In the (nearly) three short years that I have been a parent I have learned a lot. More than a lot. Here are five of the things I have learned that for some reason I have found hard to acknowledge, until today when I realised that I could acknowledge them and that was OK. Because really, most things are ok. Ok?
1) I want to talk about my children. A lot.
I have endless capacity to talk about my children. I would happily tell you everything about them and I would only stop to show you one of the 10,000 (no exaggerating) photos I have of them. Not to mention the 100+ videos. They are my pride and joy and I am constantly reigning it in as much as I possibly can. Obviously, as people who know me will testify, I can talk a lot about a variety of other topics too – but I will admit that, at the moment, my children are topic número uno to me. Did I tell you that Wilbur put two words together this morning?? Well now you know. See.
2) There are parts of parenting that I will be good at – really good at.
Some people love childbirth. My friends Cathy and Sharmila have described the births of their little girls as ‘awe-inspiring’ and ‘powerful’. Where I found birth to be mostly horrific (thanks weird anatomy) they did not. Some mothers are brilliant at breastfeeding and enjoy it whilst for others it’s a sad and upsetting battle. And so it continues. Weaning, walking, learning etc. Some people are good at some things and others are not, but there will be bits of it that you excel at. The challenge I’ve found is to celebrate those bits – for you and for others. Be joyful that your baby sleeps through the night, chances are you will fight other battles that other parents will sail through. I’m always trying to make sure that in sharing my experiences I can empower rather than intimidate other mothers. I’m not afraid to admit the really good or the really bad bits and neither should any one else.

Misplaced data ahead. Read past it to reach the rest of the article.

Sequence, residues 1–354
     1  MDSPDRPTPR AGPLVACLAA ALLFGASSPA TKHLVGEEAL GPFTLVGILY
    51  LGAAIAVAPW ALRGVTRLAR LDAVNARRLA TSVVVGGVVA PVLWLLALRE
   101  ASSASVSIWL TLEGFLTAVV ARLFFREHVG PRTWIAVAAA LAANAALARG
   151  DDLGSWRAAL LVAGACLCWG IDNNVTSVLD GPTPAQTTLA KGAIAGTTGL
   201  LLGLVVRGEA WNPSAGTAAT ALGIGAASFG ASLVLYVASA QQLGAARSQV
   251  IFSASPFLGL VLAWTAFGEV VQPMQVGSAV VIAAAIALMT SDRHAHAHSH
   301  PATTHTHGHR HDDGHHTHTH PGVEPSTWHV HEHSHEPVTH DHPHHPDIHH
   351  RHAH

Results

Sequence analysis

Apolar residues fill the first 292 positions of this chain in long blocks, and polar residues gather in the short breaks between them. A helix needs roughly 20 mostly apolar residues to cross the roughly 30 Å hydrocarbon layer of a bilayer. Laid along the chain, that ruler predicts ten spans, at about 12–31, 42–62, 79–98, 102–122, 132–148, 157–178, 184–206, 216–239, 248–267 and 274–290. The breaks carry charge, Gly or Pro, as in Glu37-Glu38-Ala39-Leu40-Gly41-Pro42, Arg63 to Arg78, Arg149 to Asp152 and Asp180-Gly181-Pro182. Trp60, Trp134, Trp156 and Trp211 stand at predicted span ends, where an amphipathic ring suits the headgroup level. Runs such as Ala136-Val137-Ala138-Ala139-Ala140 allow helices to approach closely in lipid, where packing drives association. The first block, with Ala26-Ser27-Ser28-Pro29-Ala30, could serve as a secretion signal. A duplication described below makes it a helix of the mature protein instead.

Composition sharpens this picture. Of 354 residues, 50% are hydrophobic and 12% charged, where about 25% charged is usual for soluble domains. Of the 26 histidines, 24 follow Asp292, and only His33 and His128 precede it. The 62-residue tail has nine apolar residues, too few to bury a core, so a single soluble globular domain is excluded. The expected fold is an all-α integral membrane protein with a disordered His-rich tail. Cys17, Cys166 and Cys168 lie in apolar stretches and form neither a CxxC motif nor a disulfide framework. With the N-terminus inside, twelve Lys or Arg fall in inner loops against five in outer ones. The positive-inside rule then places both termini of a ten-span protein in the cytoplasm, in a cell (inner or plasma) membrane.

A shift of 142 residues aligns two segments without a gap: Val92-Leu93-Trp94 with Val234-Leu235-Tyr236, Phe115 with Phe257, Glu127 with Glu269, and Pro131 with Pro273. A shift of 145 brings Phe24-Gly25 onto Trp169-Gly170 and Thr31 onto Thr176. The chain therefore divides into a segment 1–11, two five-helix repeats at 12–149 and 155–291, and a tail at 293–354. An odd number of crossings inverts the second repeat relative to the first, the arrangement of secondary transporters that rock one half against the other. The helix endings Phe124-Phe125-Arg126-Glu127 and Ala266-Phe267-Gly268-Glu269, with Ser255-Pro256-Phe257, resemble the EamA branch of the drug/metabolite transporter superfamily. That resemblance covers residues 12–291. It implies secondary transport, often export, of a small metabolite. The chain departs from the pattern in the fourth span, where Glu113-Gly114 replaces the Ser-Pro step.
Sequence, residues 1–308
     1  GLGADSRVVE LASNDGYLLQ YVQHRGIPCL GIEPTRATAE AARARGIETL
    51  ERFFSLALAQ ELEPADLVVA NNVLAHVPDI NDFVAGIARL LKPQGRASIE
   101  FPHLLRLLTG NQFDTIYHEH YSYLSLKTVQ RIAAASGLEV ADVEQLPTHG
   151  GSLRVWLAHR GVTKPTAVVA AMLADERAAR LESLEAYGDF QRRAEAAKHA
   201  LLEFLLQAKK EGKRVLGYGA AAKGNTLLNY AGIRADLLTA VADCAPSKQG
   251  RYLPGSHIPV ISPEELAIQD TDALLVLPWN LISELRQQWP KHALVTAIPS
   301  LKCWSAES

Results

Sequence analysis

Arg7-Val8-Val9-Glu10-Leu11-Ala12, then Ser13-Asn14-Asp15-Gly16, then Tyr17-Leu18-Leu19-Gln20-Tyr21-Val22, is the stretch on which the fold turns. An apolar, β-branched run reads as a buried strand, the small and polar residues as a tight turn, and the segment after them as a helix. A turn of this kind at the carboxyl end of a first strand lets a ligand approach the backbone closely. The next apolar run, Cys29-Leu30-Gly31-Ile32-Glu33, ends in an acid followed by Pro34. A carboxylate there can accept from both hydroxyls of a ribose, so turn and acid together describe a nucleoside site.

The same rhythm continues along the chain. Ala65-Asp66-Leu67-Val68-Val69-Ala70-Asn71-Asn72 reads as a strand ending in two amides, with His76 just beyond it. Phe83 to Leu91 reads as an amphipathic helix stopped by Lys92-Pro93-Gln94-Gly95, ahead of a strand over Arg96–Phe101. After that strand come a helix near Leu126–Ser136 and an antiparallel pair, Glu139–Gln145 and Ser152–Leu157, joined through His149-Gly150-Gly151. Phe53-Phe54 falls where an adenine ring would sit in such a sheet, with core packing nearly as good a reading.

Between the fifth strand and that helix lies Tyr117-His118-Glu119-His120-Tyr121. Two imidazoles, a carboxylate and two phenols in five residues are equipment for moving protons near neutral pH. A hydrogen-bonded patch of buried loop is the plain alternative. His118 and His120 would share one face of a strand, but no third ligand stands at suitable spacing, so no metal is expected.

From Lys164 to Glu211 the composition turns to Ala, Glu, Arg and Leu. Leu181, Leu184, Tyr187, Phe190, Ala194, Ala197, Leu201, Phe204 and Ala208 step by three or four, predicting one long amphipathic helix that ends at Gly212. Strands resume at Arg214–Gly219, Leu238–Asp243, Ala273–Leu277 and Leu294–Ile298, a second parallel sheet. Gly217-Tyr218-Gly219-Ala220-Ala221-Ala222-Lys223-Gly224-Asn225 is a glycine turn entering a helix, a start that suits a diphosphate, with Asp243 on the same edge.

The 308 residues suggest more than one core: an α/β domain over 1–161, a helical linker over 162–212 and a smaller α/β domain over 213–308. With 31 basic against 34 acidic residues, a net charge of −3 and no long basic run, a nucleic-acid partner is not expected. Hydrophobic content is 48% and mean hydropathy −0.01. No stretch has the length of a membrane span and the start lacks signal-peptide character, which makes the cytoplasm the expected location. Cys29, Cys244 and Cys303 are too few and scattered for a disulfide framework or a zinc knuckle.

3) I have been empowered
My children have made me feel like I can do things that I could not have done before. I grew to believe that if I could function on a few hours of broken sleep, give my all to feed, cloth and care for a baby then I could basically do anything. But, it’s not just that. Going on maternity leave from my job gave me space to think and be creative about what I wanted to and could do after having children. It has focused my mind and I now know what is important to me. It’s been liberating.
4) I hate what pregnancy and breastfeeding has done to my body
There are no amounts of balms, oils or declarations of ‘tiger stripes’ that will make me like my post pregnancy body. My skin has been ruined and there is nothing I can do about it. People who have had a glimpse of my stretch marks have gasped in sheer horror/shock/fear. I love my children, I love that my body grew them (I’m so grateful for a body that could) but I wish it had done so without such complete and utter destruction of my skin. I’m not self loathing or self pitying about my appearance, I just don’t like my scars of pregnancy and I don’t think I should have to. So there.
5) I need help
Not asking for help has been one of my biggest flaws since I can remember. I would rather suffer and silently try to work out my problems or bury my head in the sand than ask for help. I’m sure I would have done a lot better at school and university if I wasn’t too proud to say that I didn’t understand or couldn’t cope. Having children has changed that, pregnancies where I couldn’t walk, breaking my ankle and feeling overwhelmed have pushed my hand and I’ve reached out to the people I trust for support and love. I’ve grown to accept that asking for help isn’t a sign of weakness – rather it is part of a village raising a child. We’re not designed to do it on our own. Whilst I’m still fiercely independent I have learned that asking for help is ok and in some circumstances is the best thing – especially on days when I can’t cope. Having my children has showed me inner strength that I didn’t think was possible but it’s also great for highlighting where I’ve needed help – I’m learning to be ok with that.